Dog Sledge In Inuit Culture

Dog sleds (or sledges) are important to Arctic peoples' culture and lifestyle. Utilizing dogs to pull sleds is thought to have begun in Siberia around 7000 years ago. Up until recent times, travel by dog team was the main method of transportation during the winter. Dog sleds allowed people to move or travel to hunting grounds. Although it is now common to have eight to ten dogs, previously people could maintain only two or three dogs and sleds were used to haul gear while people usually walked.

For at least 4000 years the Inuit bred dogs or qim-miq for sleds. The Alaskan malamute, originally completely native to Alaska, is a large dog developed by the Inuit of Alaska to haul heavy loads at steady speeds over long distances. It is related to the Finnish spitz and the Samoyed. The slightly smaller Canadian Inuit dog, also known as American husky, or the Esquimaux dog is endemic to Canada while the Greenland dog is the same breed, that is, an Inuit dog originating from Greenland. The Alaskan husky is a crossbreed from the Siberian husky.

There is a large amount of traditional knowledge related to the utilization of dog sleds, and almost every technical aspect is subject to variation, contributing to a large and often diverse body of traditional knowledge. There have been great changes to the equipment needed for dog sleds as the available materials changed. The sled, whips, lines, harnesses, and connectors were constructed from a variety of different materials. In areas north of the treeline, wood was a precious commodity for building sleds and was acquired mainly by collecting driftwood along the shores. Consequently, people fashioned sleds from other available materials. Frozen fish wrapped in skins were used to make runners with antler or bone to form the crosspieces. Sleds have also been constructed from whalebones and antlers. Sled runners were often shod with bone, ivory, or ice; more recent materials include steel or plastic. Sleds with soil or sod runners need a layer of ice, which is made by lightly spraying water from the mouth and then smoothing over the area with fur. The water freezes, forming a glasslike layer over the soil. Currently, wood is readily available and most sleds are constructed from wood with a variety of different runners. The optimum runner for a sled changes with environmental conditions and the type of snow. Flexibility is the key element in construction and sleds are lashed together without nails to allow for elasticity of movement when crossing rough terrain.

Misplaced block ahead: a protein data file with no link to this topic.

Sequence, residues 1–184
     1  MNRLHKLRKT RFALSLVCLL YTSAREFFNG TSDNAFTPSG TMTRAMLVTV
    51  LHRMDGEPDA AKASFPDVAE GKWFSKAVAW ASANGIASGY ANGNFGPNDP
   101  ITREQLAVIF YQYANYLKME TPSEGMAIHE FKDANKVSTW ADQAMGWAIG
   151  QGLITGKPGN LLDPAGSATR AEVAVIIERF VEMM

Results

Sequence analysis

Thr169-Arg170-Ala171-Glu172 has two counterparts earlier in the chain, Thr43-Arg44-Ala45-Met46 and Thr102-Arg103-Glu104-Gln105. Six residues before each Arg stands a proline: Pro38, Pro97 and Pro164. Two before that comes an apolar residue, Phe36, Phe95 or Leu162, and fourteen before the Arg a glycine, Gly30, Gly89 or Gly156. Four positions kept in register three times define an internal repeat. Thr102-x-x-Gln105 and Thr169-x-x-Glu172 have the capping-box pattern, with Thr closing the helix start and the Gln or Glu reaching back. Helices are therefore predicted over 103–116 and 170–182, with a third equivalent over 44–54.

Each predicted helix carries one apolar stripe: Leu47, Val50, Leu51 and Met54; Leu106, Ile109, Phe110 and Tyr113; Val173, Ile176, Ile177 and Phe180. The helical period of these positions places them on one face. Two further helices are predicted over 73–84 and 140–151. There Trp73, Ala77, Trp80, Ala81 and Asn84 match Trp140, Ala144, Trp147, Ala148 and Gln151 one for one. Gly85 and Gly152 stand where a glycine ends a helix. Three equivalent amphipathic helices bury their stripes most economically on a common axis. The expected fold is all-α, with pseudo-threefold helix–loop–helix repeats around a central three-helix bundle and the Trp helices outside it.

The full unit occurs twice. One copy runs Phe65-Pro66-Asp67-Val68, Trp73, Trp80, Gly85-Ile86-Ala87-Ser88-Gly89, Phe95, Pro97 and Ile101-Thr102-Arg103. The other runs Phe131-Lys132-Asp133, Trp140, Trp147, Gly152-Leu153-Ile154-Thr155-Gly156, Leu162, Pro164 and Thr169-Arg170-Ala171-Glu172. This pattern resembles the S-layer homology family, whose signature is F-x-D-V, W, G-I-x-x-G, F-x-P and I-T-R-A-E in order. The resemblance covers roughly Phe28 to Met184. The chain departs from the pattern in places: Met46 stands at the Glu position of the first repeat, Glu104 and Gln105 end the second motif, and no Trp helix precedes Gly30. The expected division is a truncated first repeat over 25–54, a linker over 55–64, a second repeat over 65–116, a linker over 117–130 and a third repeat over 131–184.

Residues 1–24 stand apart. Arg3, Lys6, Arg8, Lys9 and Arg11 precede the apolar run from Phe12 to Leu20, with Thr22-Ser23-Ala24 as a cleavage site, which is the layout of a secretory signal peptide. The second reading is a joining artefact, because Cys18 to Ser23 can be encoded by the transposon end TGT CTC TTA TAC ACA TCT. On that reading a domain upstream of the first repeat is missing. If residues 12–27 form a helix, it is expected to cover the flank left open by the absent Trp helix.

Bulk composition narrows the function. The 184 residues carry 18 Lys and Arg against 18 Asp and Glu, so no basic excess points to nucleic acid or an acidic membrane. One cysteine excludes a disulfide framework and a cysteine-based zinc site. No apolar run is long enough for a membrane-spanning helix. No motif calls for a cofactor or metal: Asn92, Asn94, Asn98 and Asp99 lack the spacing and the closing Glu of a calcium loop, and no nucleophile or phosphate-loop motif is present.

The design of the sled varies according to local customs and uses. A consideration for sled design is the type of hitch used for the dogs, which in turn depends upon the region. The fan hitch uses each dog on an individual trace spread in a fan- or handlike formation. Each line is attached to the sled through a main line that attaches to the front-runners of the sled. The connectors between the main line and individual lines are carved from antler or ivory, and currently sometimes a metal ring. Region, local design, and purpose influence the type of sled used. For instance, a flat sled is used with the fan hitch in the Eastern and Central

Inuit Greenland

An Inuit hunter travels by dog sled (sledge) over the frozen sea ice, Northwest Greenland.

Copyright Bryan and Cherry Alexander Photography

An Inuit hunter travels by dog sled (sledge) over the frozen sea ice, Northwest Greenland.

Copyright Bryan and Cherry Alexander Photography

Canadian Arctic when moving heavy loads. In Greenland and parts of the Canadian Arctic, a sled with extra posts in the rear is used, making it easier for standing and loading gear.

The fan hitch has advantages when traveling across ice. Because each dog has its own line, they can take the slack needed to jump across obstacles on rough ice. In addition, the dogs instinctively sense when they are on thin ice and disperse their weight in response. The lead dog is on the longest line and helps to direct the other dogs and steer the sled according to commands.